Few surfaces in Newton Farm nursery, first and middle school are left bare.
Displays cover the walls of the north-west London school and dangle above the heads of pupils. In the hall, a tree made of paper stretches its branches across the ceiling.
The children's work is mounted, glued and stapled by teaching assistants - as it has been for more than a year.
Newton Farm was one of the 32 schools that pioneered the workforce reforms.
The school is part of the Government's Pathfinder project, which means it had pound;100,000 to spend on salaries, training, interactive whiteboards and a further pound;73,000 to build an annexe now used by the school's two teaching administrators, Sally Francis and Moira Cafferky.
Gill Bland, Year 6 teacher and PE and maths co-ordinator, said: "I have not done any photocopying for a year. The teaching assistants put up displays and if a child is late they ring the parents on my behalf. They also do low-level marking, which can save half an hour a day. I now find I just can't do without them."
Now the Pathfinder money has run out, but headteacher Rekha Bhakoo has found cash in the budget to keep on the extra staff and is determined to continue to chip away at the non-teaching tasks that teachers are expected to do.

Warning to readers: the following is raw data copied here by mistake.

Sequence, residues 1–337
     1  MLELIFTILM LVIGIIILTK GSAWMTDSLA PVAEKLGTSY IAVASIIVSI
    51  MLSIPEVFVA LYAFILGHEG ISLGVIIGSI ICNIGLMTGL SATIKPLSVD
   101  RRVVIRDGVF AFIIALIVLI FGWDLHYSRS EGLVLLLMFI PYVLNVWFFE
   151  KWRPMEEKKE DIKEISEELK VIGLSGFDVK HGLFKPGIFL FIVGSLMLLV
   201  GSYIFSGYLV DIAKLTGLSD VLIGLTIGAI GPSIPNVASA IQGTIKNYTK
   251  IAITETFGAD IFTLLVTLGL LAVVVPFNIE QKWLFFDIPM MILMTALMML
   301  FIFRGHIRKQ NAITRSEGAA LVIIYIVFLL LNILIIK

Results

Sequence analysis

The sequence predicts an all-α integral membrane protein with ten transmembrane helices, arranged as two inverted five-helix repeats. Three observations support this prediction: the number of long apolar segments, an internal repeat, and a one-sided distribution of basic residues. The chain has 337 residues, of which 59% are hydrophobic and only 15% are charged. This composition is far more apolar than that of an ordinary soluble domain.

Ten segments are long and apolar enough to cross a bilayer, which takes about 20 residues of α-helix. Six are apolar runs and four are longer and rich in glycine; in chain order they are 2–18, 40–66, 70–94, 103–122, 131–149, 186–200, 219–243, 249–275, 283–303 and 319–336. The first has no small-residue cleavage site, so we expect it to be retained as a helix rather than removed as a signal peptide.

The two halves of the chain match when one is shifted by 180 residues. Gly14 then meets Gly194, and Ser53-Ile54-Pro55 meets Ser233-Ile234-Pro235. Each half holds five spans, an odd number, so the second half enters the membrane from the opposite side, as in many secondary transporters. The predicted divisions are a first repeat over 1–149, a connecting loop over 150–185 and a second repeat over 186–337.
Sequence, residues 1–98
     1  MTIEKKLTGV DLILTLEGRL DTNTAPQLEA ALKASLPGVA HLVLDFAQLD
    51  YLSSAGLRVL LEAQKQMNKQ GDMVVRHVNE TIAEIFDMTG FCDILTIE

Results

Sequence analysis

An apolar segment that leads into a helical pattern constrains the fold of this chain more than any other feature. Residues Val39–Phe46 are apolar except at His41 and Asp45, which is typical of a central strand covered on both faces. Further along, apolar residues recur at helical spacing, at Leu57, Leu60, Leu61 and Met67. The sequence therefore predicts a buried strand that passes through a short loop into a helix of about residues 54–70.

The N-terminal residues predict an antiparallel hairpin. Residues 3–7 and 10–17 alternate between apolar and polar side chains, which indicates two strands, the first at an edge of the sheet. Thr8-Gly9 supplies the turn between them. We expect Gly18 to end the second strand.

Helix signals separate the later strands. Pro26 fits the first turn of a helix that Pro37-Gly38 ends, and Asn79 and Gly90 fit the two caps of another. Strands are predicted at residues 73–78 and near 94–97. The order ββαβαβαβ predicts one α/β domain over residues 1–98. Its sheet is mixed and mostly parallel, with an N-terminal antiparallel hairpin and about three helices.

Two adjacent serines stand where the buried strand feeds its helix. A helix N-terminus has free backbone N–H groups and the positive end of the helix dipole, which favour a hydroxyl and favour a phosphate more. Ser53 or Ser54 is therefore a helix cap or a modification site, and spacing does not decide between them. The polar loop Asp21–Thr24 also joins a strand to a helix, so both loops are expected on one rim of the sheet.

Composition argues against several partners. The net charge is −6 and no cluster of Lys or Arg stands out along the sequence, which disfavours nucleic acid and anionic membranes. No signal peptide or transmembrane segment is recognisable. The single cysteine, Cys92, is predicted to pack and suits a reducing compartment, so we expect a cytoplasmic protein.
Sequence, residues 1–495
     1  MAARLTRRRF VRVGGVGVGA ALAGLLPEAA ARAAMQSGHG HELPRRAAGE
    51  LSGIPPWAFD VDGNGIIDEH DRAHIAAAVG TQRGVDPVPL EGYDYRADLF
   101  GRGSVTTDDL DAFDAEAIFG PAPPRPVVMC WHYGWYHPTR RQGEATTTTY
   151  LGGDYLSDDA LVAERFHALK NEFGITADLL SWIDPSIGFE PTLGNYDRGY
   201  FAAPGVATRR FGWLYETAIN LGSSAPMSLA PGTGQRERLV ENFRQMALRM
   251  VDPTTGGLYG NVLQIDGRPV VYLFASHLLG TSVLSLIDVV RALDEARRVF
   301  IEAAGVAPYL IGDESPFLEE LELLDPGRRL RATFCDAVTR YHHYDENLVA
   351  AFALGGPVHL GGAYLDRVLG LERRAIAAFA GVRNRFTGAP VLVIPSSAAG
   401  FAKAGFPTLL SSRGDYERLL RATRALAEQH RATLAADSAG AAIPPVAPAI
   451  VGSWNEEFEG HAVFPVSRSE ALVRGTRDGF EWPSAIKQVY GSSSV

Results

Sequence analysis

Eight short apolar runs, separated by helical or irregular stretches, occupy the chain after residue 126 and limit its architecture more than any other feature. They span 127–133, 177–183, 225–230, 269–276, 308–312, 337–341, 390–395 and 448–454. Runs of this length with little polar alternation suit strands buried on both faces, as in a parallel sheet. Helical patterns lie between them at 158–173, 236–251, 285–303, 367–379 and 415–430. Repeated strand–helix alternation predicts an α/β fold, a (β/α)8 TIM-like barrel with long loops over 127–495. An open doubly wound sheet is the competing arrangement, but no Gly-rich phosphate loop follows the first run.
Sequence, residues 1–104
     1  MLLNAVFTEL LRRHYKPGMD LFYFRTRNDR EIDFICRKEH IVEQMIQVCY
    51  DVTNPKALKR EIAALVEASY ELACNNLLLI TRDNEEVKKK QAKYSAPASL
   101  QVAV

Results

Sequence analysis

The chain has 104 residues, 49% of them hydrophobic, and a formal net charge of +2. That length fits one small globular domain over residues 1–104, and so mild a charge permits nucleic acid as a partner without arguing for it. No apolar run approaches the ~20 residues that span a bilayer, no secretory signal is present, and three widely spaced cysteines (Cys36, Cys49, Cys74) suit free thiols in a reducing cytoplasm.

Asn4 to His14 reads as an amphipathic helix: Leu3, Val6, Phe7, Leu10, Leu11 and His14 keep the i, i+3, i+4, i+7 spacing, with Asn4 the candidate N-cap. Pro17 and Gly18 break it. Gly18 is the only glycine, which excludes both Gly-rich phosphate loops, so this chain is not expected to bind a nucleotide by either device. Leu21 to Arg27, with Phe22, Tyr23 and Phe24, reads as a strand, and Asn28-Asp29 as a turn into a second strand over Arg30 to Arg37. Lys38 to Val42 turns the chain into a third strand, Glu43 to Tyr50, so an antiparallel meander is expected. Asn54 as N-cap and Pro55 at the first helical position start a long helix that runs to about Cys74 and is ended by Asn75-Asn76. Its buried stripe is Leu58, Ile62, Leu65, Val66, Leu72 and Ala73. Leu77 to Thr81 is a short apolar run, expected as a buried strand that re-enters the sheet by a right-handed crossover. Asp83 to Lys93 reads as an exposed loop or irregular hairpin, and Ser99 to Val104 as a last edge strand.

One idea is to convert the ground floor of a disused caretaker's house into a parents' centre.
Mrs Bhakoo said: "The primary aim is to involve thecommunity in increasing children's attainment.
"Holding classes on how to help your child would also help teachers because children would be better informed. I think it would have a real impact on the school."
Mrs Bhakoo aims to appoint a co-ordinator to oversee the centre, which could also be used as an area where parents could meet teachers or other professionals.
But the biggest benefits MrsBhakoo has seen are the changes to staff roles:
"The Pathfinder project was probably the most dramatic change we've made in such a short period of time.
"Without the money, we would not have had the annexe, the investment in technology and we would have had one teaching administrator instead of two.Teachers used to feel guilty going home at 4.30pm. Now they don't."